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It's quicker by plume

Deccan Traps

Mantle plume links India and Africa’s motions, writes Monique Tsang

Geoscientist Online 20 July 2011

Image: Deccan Traps.

It has long been an unresolved case of speeding. For 15 million years during the late Cretaceous and early Cenozoic, the Indian tectonic plate scurried towards Eurasia at between 10 and 13cm a year, eventually crashing into Eurasia, forming the Himalayas and Tibetan Plateau. For decades scientists suspected that this speeding had something to do with the Réunion mantle plume beneath the Indian Ocean. Now, according to a recent paper in the journal Nature1, geologists have found compelling evidence of its role in directing the tectonic traffic.

Steven Cande and Dave Stegman (Scripps Institute of Oceanography, California) looked for clues in a place many had overlooked – Africa. Geologists noticed 25 years ago that the ocean-ridge fracture zones along the edges of the African plate showed strange, bending patterns. Some thought they resulted from some form of complex motion of the Africa Plate, but nobody really knew. Cande and Stegman analysed the patterns’ path relative to Africa’s pivot point, and found that these bends – like “skid marks at a car crash” – showed that Africa’s motion slowed down and then sped up.

At the time the African plate was rotating counterclockwise about a pivot point sited near the present-day Canaries. Cande and Stegman discovered that at times when the Indian plate speeded up, the Africa plate slowed down – and vice versa. This was no coincidence.

Enter the Réunion mantle plume. This plume, thought to lie today under Réunion Island east of Madagascar, wreaked a trail of fiery havoc on the Indian plate as it moved notheast, spewing massive amounts of lava to form the Deccan Traps and spawning several Indian Ocean island chains.

When the plume head first hit the lithosphere 67 million years ago near the boundary of the India and Africa plates, it spread out radially, like the head of a mushroom. This force had the effect of speeding up India (from 4 to 10-13 cm/year) and slowed down Africa ( 2 cm/year to almost zero). And when the plume began to wane 52 million years ago, India slowed back down while Africa speeded up.

“Most people have said that the slow-down of India was due to the collision of India and Eurasia. Our study [suggests] that's not necessarily true,” Cande told Geoscientist Online. “If you were to say the slow-down of India was due to the collision with Eurasia, then why did Africa speed back up? It makes more sense to say that they're both related to a common cause, which would have to be the waning of the Réunion plume head.”

The plume head was “a major force” on India's and Africa's motions partly because it was very large, extending over some 2000 kilometres, says Cande - large enough to affect a plate as huge as Africa. “The Réunion plume head is an ideal place… because it's quite far from the pivot point,” he says.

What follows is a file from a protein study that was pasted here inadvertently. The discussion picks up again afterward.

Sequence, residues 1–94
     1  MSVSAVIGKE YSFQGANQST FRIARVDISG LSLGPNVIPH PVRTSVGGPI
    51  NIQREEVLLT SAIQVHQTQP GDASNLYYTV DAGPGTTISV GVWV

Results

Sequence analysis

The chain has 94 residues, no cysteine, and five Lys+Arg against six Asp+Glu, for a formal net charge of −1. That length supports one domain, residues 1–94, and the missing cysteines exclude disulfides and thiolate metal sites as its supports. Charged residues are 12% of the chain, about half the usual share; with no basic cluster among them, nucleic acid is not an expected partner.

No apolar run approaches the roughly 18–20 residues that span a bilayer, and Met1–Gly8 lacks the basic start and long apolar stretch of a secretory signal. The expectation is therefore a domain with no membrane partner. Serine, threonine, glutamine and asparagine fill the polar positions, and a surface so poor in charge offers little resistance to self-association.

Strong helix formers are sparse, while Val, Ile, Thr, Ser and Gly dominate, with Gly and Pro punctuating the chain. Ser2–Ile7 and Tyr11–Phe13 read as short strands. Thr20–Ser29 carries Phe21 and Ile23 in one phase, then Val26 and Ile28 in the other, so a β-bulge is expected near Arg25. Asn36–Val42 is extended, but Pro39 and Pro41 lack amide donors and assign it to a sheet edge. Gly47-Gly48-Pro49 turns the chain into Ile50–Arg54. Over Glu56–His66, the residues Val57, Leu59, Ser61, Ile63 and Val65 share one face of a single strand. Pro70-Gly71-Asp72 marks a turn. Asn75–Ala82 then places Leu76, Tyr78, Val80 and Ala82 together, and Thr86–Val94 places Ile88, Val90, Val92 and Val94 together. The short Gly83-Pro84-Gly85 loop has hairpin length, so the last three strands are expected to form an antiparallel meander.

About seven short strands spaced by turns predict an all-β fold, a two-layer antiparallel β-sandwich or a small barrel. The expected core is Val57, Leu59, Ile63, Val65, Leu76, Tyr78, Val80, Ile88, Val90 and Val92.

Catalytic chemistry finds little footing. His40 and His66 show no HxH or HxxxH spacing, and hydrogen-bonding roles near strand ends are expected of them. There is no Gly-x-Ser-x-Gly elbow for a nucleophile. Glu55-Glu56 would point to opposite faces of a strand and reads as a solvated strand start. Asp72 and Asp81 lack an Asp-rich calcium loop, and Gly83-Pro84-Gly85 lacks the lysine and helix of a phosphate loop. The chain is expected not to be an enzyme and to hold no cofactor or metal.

: The Reunion Plume, India and Africa.Reproduced courtesy, GeoExpro

Not everyone is convinced. Douwe van Hinsbergen (University of Oslo) believes2 that while the plume could have helped, it was not acting alone. He and colleagues have run geodynamic models using ocean floor magnetic anomaly data very similar to Cande and Stegman’s, but found that ‘plume push’ could only account for 3-4 cm/year of speeding-up, well short of the observed rate. Hinsbergen attributes the rest to slab-pull from the subduction zone at the other end of the Indian plate pulling more efficiently as resistance dwindled under the heat of the rising plume. India slowed later as it collided with Asia. “The slowdown [was] mainly the result of collision” van Hinsbergen says.

However, now that the motions of Africa and India can be linked, Cande says geodynamic modellers may have to change the way they run their models in future. “They have to model the whole system. They may even have to change some of the [modelling] parameters” he says.

R Dietmar Müller (University of Sydney),writing in the same issue of Nature suggests the plume could not have sped up India for the whole 15 million years, because the intensive period of Deccan eruptions only lasted for a couple of million years (near the start of India's acceleration). Cande nevertheless believes this is consistent with his findings, because the Deccan volcanic activity reflects India's observed speed. India sped up in two phases. During the first three to five million years, it was moving super-fast (c. 20 cm/year). It then slowed down to about 11-13 cm/year (still fast) and continued at around this rate for 10 million years more. In this latter period the volcanic activities related to the plume were phasing out but still active. The volcanic rocks offshore south of India provide evidence for this.

“We now have a better feeling of the role of mantle plumes in driving plates, even if it's just at the plume head stage that we can really see their impact,” says Cande. “If we can figure out what's going on at the plume head stage, the you can scale that back to the more normal plate motions, and get a better feeling of how [plumes] fit in with the mantle convection scheme.”

Further reading

  1. Indian and African plate motions driven by the push force of the Réunion plume head”, Nature (2011; doi:10.1038/nature10174). Steven C. Cande and Dave R. Stegman. See also “Plate motion and mantle plumes”, Nature News & Views by R. Dietmar Müller
  2. Acceleration and deceleration of India-Asia convergence since the Cretaceous: Roles of mantle plumes and continental collision”, Journal of Geophysical Research (2011: doi:10.1029/2010JB008051). Douwe J. J. van Hinsbergen, Bernhard Steinberger, Pavel V. Doubrovine, and René Gassmöller